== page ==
Often overlooked in the debate about California’s new school funding plan is the discussion of local spending control. The state provides funding for specific K-12 programs, known as categorical grants. With the similar, but competing, proposals from Gov. Jerry Brown and the state Senate, categorical grants are to be eliminated.
Categorical grants can range from providing safety and mentoring to physical education and performing arts. The new funding proposals give local school districts the option to continue funding these programs. Districts will be able to spend their money as they see fit, and certain programs may not be in the picture.
To replace categorical grants, new school funding plans create a formula to allocate higher portions to districts with a higher population of English learning and low-income students.
California would operate on the principle that local districts know what’s best for its students. The governor also states, “there is broad consensus that the current system of school finance is inequitable.”
The current budget proposal argues that disadvantaged students will experience a better allocation of resources:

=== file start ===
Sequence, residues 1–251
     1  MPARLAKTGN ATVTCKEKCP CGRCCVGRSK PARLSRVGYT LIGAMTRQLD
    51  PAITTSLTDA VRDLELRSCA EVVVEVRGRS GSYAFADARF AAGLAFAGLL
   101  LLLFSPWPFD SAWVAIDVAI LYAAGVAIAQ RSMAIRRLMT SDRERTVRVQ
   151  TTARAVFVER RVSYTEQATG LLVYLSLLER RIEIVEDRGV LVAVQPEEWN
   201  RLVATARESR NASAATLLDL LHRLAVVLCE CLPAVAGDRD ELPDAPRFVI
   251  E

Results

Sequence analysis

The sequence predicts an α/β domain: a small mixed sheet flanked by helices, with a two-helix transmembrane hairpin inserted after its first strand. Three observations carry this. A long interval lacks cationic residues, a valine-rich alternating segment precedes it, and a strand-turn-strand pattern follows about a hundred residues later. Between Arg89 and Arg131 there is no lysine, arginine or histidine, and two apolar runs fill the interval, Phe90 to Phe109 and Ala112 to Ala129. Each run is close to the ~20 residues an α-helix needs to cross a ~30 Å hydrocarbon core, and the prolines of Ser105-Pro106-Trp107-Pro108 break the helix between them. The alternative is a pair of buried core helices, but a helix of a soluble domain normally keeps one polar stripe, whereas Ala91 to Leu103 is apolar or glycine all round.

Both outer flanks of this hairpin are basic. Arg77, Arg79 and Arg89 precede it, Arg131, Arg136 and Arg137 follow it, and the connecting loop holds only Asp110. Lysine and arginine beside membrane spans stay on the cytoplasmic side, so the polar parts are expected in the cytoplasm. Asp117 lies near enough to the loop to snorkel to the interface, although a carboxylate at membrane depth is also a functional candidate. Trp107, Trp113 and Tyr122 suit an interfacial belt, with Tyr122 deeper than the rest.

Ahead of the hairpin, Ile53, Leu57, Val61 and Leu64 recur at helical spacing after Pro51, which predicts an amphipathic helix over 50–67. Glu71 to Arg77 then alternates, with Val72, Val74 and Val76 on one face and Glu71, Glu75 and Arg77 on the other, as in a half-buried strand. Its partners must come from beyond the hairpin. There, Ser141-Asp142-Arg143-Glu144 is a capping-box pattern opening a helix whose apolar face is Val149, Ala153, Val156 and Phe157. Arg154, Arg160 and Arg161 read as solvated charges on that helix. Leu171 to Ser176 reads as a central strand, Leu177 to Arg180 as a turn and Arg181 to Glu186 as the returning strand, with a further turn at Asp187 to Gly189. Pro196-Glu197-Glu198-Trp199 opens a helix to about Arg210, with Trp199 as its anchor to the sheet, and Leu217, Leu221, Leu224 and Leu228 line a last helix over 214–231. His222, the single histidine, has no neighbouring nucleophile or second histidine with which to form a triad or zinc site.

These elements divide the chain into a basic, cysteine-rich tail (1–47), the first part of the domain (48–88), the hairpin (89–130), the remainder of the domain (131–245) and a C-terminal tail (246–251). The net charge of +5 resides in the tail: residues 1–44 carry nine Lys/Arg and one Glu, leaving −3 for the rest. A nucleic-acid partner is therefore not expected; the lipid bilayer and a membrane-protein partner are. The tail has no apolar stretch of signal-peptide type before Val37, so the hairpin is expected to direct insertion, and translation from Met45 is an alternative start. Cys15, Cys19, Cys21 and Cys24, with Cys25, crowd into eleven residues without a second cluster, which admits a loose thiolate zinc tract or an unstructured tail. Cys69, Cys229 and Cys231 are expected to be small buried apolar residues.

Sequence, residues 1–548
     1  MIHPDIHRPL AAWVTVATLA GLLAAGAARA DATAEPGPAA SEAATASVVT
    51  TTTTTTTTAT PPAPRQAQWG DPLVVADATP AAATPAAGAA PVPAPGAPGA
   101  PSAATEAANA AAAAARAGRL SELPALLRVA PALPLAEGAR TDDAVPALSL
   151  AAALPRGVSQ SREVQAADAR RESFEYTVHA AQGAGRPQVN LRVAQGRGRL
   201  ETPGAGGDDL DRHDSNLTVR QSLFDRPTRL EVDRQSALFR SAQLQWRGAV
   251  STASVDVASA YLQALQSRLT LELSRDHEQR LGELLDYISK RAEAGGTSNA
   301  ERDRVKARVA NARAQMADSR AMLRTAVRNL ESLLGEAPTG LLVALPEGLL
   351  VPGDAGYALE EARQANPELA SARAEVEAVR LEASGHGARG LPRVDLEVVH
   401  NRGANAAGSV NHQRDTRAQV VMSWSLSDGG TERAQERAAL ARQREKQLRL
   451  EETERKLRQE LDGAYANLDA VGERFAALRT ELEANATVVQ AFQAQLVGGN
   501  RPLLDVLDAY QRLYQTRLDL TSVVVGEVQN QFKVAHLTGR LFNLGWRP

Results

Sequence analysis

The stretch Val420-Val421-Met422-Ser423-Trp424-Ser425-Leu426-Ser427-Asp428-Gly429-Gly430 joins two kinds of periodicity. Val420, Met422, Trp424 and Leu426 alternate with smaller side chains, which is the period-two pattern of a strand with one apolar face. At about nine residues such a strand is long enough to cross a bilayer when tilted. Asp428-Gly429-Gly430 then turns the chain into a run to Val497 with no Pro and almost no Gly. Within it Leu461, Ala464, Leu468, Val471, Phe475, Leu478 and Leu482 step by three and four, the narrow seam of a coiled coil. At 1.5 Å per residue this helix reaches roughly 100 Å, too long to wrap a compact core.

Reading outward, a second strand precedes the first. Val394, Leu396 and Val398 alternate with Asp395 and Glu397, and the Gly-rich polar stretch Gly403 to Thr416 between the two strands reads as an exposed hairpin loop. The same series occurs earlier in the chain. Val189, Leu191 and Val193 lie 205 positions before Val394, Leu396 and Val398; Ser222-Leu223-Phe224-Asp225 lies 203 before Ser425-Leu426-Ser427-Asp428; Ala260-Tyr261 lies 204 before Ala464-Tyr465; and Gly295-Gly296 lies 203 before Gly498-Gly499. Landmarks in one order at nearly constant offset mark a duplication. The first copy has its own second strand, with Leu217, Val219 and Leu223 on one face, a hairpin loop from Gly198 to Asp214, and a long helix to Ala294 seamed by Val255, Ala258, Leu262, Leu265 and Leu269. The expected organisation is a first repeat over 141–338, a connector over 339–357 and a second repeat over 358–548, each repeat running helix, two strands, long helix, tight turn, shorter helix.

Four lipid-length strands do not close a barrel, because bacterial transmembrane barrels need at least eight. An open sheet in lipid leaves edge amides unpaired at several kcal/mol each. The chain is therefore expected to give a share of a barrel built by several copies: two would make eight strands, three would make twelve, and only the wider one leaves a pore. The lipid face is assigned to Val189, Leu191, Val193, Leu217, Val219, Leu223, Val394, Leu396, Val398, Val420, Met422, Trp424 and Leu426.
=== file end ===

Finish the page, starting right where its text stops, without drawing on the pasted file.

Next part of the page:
“Even before the substantial reductions to revenue limits and categorical programs that began in 2008-09, the distribution of resources between schools differed substantially. Generally, schools with relatively higher proportions of English learners and student from low-income families had lower revenue limits and relied more heavily on state aid, including categorical funds.”
The Sacramento Bee recently illustrated the predicament CalSAFE is in with regards to funding. The California School Age Families Education program aids teenage parents to get through high school or a GED program. While CalSAFE is currently state-mandated, its funding is still under flexible apportionment, and those with CalSAFE have said its already been impacted.
CalSAFE received $46.4 million in 2012-13 from the state. Total categorical funds from the current fiscal year was at $6 billion. Music and arts received $88 million, middle and high school counseling received $167 million, and school libraries received $370 million, all in categorical funds for the year.
The California budget is a hot topic, the state government has until June 15 to pass a plan. California Democrats may face harsh criticism if the deadline is not met since it has a supermajority in the Legislature.